Interpersonal Sensitivity in the Workplace: Lessons from a Heated Election

This week, we all headed to our workplaces—some of us thrilled, some of us devastated, and others of us just sighing in relief that the pre-election banter is over. This year’s election has created a level of animosity that is unparalleled, in some cases pitting coworkers against each other. We all sometimes get annoyed with coworkers and bosses and question their value to the organization, and now we potentially add the knowledge that one of them voted for whichever candidate we couldn’t stand. So what is a good corporate citizen to do? How do we keep our businesses going while returning civility to the workplace after the election?

  1. Focus on the organization’s higher purpose. Don’t let a coworker or even a boss get you down. Keep in mind that you’re each there for a greater purpose, whether it’s making vehicle passengers safe or providing quick, healthy food to consumers, or reporting timely and accurate news. Re-connecting to your job’s purpose will re-focus and re-energize your efforts in your workplace. Successful companies make it a priority to cast clear vision and involve employees in determining the values and behaviors that will make that vision likely.
  2. Share something personal and ask “the other side” to do the same. Often when working with leadership teams, Magnet will do a segment where each person shares personal details—stories about their biggest fear, their favorite boss, their biggest challenge. Just the act of transparent sharing builds trust within the workplace. Too often companies make the mistake of saying, “check your feelings at the door” or “at work, it’s only work”, but that isn’t actually the way humans function and so it isn’t an approach that yields good business results. It’s in the sharing of these stories that we find that other person relatable. When s/he’s relatable, we’re more civil, more empathetic, and more willing to work together.
  3. Actively work on your sensitivity to others. It’s true that interpersonal sensitivity is a personality characteristic and that it’s hard wired (or not) into you by the time you’re about 13, but we all can practice skill-building to bring out our concern for others’ needs. The election showed us that our incoming President is low on this characteristic—that means he’s direct and frank and many times overly so.  This characteristic isn’t just in Mr. Trump. Many corporate leaders—including some of our favorite leadership coaching success stories—are the “old crusty” low interpersonal sensitivity leaders who went from yelling at employees to asking questions to understand their positions, using empathetic language, and generally softening their sharp edges. With coaching and self-awareness and specific strategies we all can be a lot better at noticing and appreciating others’ points of view.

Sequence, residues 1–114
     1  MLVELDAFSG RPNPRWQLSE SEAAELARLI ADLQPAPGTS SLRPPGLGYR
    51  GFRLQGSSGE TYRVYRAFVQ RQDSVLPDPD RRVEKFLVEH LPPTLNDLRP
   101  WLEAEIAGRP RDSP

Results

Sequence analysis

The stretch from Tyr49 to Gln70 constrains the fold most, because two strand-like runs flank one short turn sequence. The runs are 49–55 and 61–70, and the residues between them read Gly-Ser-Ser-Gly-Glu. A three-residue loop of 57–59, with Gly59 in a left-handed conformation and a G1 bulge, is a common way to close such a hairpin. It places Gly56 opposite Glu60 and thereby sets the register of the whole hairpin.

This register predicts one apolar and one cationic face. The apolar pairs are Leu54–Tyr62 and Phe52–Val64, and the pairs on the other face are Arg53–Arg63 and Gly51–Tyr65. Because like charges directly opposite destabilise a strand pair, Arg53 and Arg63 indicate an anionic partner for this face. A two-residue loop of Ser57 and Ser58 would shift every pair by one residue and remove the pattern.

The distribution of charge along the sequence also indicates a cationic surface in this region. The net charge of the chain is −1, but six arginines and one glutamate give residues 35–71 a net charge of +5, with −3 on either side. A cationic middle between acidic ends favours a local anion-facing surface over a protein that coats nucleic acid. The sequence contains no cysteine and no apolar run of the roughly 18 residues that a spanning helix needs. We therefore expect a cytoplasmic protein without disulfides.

4. Ask questions vs. assuming intent. Now is the time to curb your skepticism. Skepticism is a real personality “derailer” for a subset of the population. What does this mean? It means people who score overly high on this quality are likely to assume the worst about others’ intentions, be cynical, and default to pulling away from someone rather than seeking to understand their behavior and motivations. Think about someone who voted the way you didn’t. Are you making up a backstory about that person that involves his stupidity or terrible upbringing? If so, it might be your skepticism derailing. When we use personality inventories, we see derailers like Skepticism (and also other fun ones like Arrogance, Risk Aversion, Volatility and more) and coach leaders on how to control those derailers. For skeptics, it usually involves stopping oneself and questioning how you arrived at a conclusion about the other person and then actively seeking more information from the very person you want to avoid.

The days ahead will be challenging as we reconcile the split in our political, election opinions and how we can work with each other. But life and business go on, so let’s find a way to get back to our effectiveness at work.

Magnet Consulting is a people engagement firm which helps organizations of all sizes build culture, assess personality and other characteristics to select and develop leaders and teams. For more information, visit www.MagnetConsulting.com, email info@MagnetConsulting.com or call 1-844-MAGNET3.

By |2018-03-15T01:26:16+00:00November 11th, 2016|